The film is directed and co-written by David Koepp, whose recent screenplay credits, including War of the Worlds and Indiana Jones and the Kingdom of the Crystal Skull, don’t indicate how good he is with funny, rapid-fire dialogue. It’s nice to see a mainstream romantic comedy with so many intelligent and entertaining conversations. The other performances are all effective, particularly Greg Kinnear, who captures a certain kind of amicable smugness.

A few weeks ago, I saw a screening of the upcoming How to Lose Friends & Alienate People, a truly awful comedy starring Simon Pegg as yet another jerk that finds redemption. The filmmakers expect us to sympathize with its obnoxious hero, despite the fact that his character arc involves no real change in personality. He’s a prick from the first scene to the last. Maybe Gervais’ secret is that he always depicts his characters with blunt objectivity. The actor doesn’t expect us to sympathize with Pincus, he earns his redemption in a way that is plausible within the story’s context.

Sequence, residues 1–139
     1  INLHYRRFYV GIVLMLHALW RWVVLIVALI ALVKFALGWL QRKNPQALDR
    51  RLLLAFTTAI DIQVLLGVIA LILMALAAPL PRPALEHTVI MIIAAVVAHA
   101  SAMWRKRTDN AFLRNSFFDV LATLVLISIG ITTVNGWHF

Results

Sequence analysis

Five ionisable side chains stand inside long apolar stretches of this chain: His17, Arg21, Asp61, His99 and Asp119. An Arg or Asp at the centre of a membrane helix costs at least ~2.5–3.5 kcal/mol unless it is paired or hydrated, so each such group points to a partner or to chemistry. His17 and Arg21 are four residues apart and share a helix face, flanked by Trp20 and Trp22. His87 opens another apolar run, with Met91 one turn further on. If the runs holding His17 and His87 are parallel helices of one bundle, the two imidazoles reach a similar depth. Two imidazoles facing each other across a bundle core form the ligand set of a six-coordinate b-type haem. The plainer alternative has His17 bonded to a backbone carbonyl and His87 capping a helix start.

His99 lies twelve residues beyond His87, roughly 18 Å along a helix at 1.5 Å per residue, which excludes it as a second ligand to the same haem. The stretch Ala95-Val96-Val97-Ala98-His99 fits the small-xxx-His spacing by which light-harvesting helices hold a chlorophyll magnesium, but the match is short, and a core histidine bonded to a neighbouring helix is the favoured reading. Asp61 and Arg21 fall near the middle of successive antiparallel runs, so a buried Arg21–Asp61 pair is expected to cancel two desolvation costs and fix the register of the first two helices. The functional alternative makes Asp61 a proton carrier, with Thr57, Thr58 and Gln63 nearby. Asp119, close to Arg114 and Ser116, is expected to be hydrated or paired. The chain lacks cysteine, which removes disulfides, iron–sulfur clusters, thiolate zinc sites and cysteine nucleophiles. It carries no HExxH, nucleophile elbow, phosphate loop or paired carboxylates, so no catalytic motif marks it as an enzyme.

While Gervais was not involved in the scripting or directing of Ghost Town, it still feels tailor-made for his talents. Pincus is the type of sad-sack that Gervais specializes in, and there are cringe-inducing scenes that showcase his mastery of embarrassment comedy. Initially, I was worried that Gervais would be straitjacketed by the conventions of a Hollywood romantic comedy, but Ghost Town understands the persona. It’s a Ricky Gervais vehicle, through and through.